Marry tech and talent, then risk management can pay dividends, notes an upcoming PYMNTS webinar. However, for many financial services firms, RegTech’s (Regulatory Technology) potential is limited by any number of causes. The technical capabilities can be dizzying and dazzling, of course, spanning the gamut from machine learning to artificial intelligence (AI), to predictive modeling.
To no surprise, the regulatory landscape is becoming ever onerous, with little room for error. Not only is regulatory oversight on the rise, but social media has emerged as a strong watchdog, too, keeping financial institutions (FIs) mindful of unchartered territory, where risks to reputation and revenues abound.
In advance of the upcoming webinar titled “RegTech: Transforming Compliance Through Enabling Technology,” Clayton Mitchell, principal of Crowe Horwath, stated that RegTech’s effectiveness can be limited by internal factors. Among those factors: the cultural hallmarks of the organizations adopting such technologies. Then, there are the limitations inherent, technically, in RegTech itself. The webinar is geared toward a discussion of how firms can align challenges to capabilities, and how strategic clarity can provide an ordered approach to bring advanced technologies on board to grapple with regulatory mandates.
Mitchell told PYMNTS that one headwind comes from collecting data and presenting it in the right format. There’s also the challenge of having “good” data, which must be both accurate and comprehensive.
“Organizations are struggling with getting the data in the right place,” he told PYMNTS. “There’s another factor. People in compliance functions — or the folks who would be enabling the technology — don’t necessarily own that data. They are consumers and not owners, and so they have some challenges in having some influence” in how that data is presented.
He noted that in the financial services realm, firms are already heavily regulated and they struggle with the looming threat of consequences, should shortcomings arise, when it comes to risk management. At the same time, risk and compliance professionals still are inundated with manual tasks.
As a result, said Mitchell, of risk compliance professionals, “they trust but verify people. They always want to test and monitor.”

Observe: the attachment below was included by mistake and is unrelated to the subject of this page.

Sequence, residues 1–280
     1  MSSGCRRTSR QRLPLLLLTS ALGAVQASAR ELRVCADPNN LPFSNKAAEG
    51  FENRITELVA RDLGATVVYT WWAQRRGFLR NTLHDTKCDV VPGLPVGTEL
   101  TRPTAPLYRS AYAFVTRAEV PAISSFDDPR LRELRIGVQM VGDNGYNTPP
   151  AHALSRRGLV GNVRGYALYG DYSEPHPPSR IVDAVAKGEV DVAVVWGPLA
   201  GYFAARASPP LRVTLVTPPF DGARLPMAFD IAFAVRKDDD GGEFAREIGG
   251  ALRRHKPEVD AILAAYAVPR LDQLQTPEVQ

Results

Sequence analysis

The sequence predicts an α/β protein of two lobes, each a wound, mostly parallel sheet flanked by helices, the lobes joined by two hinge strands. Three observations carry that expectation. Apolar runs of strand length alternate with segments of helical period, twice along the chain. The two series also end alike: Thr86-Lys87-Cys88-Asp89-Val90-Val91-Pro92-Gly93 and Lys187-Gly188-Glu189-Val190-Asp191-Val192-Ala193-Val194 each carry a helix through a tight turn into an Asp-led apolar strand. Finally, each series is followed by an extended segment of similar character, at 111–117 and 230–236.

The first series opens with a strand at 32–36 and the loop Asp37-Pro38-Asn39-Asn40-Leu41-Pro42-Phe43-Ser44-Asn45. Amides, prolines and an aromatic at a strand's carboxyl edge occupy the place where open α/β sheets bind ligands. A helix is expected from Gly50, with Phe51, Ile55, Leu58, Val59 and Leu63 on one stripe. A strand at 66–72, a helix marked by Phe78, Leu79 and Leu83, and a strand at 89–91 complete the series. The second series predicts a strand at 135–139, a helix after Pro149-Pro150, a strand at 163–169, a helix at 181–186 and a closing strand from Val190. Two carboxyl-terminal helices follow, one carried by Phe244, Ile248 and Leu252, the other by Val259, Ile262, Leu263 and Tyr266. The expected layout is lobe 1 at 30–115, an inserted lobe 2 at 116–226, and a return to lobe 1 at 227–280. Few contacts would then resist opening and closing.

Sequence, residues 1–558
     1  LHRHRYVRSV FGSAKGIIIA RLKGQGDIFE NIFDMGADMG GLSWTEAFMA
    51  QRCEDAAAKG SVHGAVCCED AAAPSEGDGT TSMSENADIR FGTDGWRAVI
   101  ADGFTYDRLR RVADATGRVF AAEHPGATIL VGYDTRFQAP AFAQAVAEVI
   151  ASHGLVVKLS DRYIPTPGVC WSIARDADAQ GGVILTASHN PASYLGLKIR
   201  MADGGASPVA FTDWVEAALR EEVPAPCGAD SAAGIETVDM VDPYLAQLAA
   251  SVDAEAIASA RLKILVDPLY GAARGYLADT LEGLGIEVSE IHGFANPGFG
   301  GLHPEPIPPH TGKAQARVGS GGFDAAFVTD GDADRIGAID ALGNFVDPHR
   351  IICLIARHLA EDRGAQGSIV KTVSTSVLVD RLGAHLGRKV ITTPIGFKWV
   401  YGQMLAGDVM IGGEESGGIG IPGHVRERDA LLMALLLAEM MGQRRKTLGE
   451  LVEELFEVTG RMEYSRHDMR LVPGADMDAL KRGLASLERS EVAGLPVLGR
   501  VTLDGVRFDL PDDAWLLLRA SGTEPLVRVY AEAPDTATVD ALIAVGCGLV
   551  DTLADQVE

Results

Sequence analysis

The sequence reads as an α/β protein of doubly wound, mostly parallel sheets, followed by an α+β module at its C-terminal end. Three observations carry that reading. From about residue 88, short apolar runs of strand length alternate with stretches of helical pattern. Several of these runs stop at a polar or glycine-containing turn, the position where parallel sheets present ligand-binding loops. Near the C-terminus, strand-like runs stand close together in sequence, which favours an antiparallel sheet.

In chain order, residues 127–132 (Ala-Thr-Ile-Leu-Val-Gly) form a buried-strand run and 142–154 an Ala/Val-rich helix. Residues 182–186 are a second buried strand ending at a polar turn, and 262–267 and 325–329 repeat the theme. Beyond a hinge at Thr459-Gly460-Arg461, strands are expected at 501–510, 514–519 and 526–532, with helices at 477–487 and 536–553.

Thus, to enable technology effectively (to test, monitor and reap the benefits), Mitchell cautioned that it is important to identify the challenges that must be addressed — such as AML or KYC mandates. Companies must align RegTech efforts with the organization’s strategy and overall objectives, ranging from geographic expansion to delivery channels. Then, risk professionals must identify the different technologies or partnerships that can make such efforts efficient and effective.
The benefits of matching challenges to tech’s capabilities, he continued, move beyond the simple ROI that might be deployed with other efforts. But without the marriage of technology and talent, he said, such efforts amount to a farce.
“You can’t enable your talent without a bit of basic technology, and technology is not going to work without somebody analyzing the output and determining ‘so what?’”
Taking on more risk? Not necessarily anathema for financial services firms, should it be done correctly, said Mitchell.
“Historically we’ve seen we’ve seen compliance functions — specifically in tax and regulatory areas — focus on risk avoidance versus risk management,” he told PYMNTS. “What we’re saying is technology is going to allow organizations to intelligently address risk. Technology allows firms to bring risk management closer to the customer, in real time. It’s a long term gain in terms of balancing long term capital output with immediate returns on savings. The value of RegTech gets back to better customer experiences, better efficiencies, and it allows you to grow and take on more risk.”
To register for this live PYMNTS discussion taking place Wednesday, June 27, 2018 at 1:00pm (EDT), please complete the registration form below: